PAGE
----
Backers of Sportsmen’s Legislation Frustrated by Gun Politics

Some advocates on and off the Hill don’t want gun issues attached to a sportsmen’s bill, which is currently stalled in the House in the wake of the Las Vegas shooting.

Sen. Lisa Murkowski
AP Photo/Cliff Owen
Oct. 5, 2017, 8 p.m.

Advocates for sportsmen’s legislation are growing increasingly frustrated that their priorities have become entangled with the politics of guns, and both key lawmakers and some outside groups are calling for the two issues to be separated.

A high-profile sportsmen’s package in the House is now stalled in the wake of Sunday’s mass shooting at a concert in Las Vegas; many sportsmen’s groups themselves are only tepidly backing the bill, and some of them haven’t weighed in at all. That’s largely because the legislation includes controversial gun-deregulation provisions that would scale back restrictions on silencers and body-armor-piercing ammunition, while also expanding protections for interstate travel when carrying firearms.

Some Hill Republicans argue that those kinds of provisions simply don’t belong.

“We have tried for three Congresses now to advance a sportsmen bill, and for me it’s really about access to our lands to allow for more hunting, fishing, use of our public lands, and it should not be viewed as a vehicle for the gun-control debate,” Senate Energy and Natural Resources Chairwoman Lisa Murkowski said. “I think that is what has sidelined it in Congresses past. My hope is that we will be able to avoid that.”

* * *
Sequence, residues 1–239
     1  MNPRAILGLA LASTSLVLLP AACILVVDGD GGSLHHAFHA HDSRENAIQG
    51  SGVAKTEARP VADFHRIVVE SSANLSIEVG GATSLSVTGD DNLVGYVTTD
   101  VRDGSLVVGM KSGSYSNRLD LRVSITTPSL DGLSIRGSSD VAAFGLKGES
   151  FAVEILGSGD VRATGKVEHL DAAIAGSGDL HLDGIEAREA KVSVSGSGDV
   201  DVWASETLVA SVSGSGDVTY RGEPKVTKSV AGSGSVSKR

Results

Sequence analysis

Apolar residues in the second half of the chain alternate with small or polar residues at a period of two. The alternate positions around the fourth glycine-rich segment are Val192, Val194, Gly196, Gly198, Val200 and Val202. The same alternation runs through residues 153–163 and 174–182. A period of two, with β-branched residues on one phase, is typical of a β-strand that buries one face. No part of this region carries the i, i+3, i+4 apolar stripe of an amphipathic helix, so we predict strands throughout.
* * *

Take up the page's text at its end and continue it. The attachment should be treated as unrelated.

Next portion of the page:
The Sportsmen’s Heritage and Recreational Enhancement (Share) Act is staunchly backed by the National Rifle Association and the National Shooting Sports Foundation. And some hunting and angler groups, such as the Safari Club, are enthusiastically going to bat for the bill.

But despite provisions to reauthorize wetlands-conservation law, require consideration of hunting and fishing in National Wildlife Refuge System additions, and bolster protections against fishing restrictions, other sportsmen’s groups are deploying a more hands-off strategy.

“We have supported the Share Act on process grounds so that we can get to negotiations with the Senate,” said Steve Kline, director of government relations at the Theodore Roosevelt Conservation Partnership. “We don’t have positions on many of the provisions in the Share Act, and we wish it had more conservation provisions. We tried to encourage House members to put more conservation provision in there.”

Trout Unlimited, an influential sportsmen’s group for more than a half century, is not taking a position on the Share Act.

“That has some of the gun stuff in there that will make it harder to pass,” said Steve Moyer, a government-affairs official with the group. “We’ve stayed away from that.”

The legislation, championed by House Natural Resources Committee Chairman Rob Bishop, is now stalled after passing through committee on partisan lines in mid-September. “It’s not on our schedule because, quite frankly, we’re focused on tax reform and getting our budget moving right now,” House Speaker Paul Ryan said Tuesday.